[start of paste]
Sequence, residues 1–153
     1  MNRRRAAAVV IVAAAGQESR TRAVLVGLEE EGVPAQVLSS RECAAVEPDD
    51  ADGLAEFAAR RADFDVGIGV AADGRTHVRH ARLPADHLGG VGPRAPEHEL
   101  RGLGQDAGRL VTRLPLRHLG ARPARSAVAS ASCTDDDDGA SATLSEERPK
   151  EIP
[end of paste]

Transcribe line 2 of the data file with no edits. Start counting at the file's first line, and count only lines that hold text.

     1  MNRRRAAAVV IVAAAGQESR TRAVLVGLEE EGVPAQVLSS RECAAVEPDD